David Eggert

U.S. Senate Democrats on Thursday proposed up to $400 million in emergency federal aid to Flint, Mich., half of what the state’s Republican governor says it will cost to replace and fix the city’s lead-contaminated pipes.

Senate Republicans were noncommittal on whether they would back the measure that would spend money without any offsetting budget cuts and add to the deficit.

The Senate could vote as early as next week on the proposal, a move with political implications as Democrats insist that Michigan Gov. Rick Snyder and other state officials ignored a dire problem in the majority black city of 100,000 north of Detroit.

Sen. Debbie Stabenow, D-Mich., said “there’s no doubt” in her mind that if the water problem had occurred in a wealthy, white community, the state would have responded immediately.

A spokesman for Snyder disputed Stabenow’s claim.

As governor, Snyder “takes the well-being of all Michiganders very seriously, regardless of where they are from,” spokesman Dave Murray said.

Snyder was reviewing the Senate proposal but is “always grateful for support from our federal partners,” Murray said.

In Lansing, Michigan lawmakers directed another $28 million on Thursday to address Flint’s lead-contaminated water supply, allocating money for bottled water, medical assessments and other costs for the financially struggling city.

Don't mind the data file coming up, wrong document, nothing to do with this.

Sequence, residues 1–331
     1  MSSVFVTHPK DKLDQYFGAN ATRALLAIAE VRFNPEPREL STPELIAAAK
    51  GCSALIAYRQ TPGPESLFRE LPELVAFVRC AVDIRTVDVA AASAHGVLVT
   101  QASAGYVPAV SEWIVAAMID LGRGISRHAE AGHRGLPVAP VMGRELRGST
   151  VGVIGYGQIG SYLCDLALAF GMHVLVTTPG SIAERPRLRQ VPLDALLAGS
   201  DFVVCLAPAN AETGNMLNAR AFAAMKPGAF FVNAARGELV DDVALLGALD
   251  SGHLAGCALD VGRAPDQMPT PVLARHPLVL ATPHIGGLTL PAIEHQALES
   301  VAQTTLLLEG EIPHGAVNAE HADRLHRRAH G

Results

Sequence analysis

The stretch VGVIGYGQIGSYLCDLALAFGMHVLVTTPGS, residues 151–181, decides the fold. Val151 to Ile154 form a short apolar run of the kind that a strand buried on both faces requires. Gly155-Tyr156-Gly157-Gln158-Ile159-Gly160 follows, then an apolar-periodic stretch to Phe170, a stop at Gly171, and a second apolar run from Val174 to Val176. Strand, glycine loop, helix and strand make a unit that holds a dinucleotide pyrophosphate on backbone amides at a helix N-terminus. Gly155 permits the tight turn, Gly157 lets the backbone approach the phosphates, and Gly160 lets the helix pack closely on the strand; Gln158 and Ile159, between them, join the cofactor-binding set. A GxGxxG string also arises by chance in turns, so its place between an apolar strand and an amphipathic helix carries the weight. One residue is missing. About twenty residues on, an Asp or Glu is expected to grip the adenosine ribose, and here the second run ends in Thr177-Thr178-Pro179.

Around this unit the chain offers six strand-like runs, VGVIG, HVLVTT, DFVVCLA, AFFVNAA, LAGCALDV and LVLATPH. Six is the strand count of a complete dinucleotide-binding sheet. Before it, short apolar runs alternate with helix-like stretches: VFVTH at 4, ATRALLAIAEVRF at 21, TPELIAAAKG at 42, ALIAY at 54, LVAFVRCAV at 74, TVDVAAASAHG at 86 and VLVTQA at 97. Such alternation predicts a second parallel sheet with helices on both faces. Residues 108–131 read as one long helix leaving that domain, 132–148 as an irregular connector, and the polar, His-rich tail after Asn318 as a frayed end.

The quick and unanimous approval by the House and Senate came just over a week after the funding was proposed by Snyder, who is expected to sign it quickly.

“We obviously have a number of issues that we have to deal with, whether it’s infrastructure, whether it’s folks having to pay for water that obviously is undrinkable,” said Senate Minority Leader Jim Ananich, D-Flint. “But the most important I think right now … is to start the focus on the assessment and the providing of services.”

This is the second round of funding enacted since the crisis was confirmed in the fall, bringing the total allocated to nearly $39 million. Snyder has promised to put forward more funding for Flint in his upcoming annual budget proposal — when he also will detail plans for a one-time $575 million surplus — but has not said how much.

The Board of State Canvassers rejected petitions Thursday to recall the Republican governor over his handling of Flint’s water. Meanwhile, Progress Michigan, a liberal group critical of Snyder, released emails showing the state was sending water coolers a year ago to employees at a state office building in Flint.

That occurred after Flint announced it had briefly flunked some drinking water standards apart from the current lead contamination. The state told workers they could use the water cooler or drinking fountains.

“We have provided it continuously. That was a decision we made as the building owner” in Flint, said Caleb Buhs, a spokesman for the agency that manages state buildings.

The damage to Flint’s water distribution system potentially is $713 million, according to an assessment cited in the state’s request for federal aid.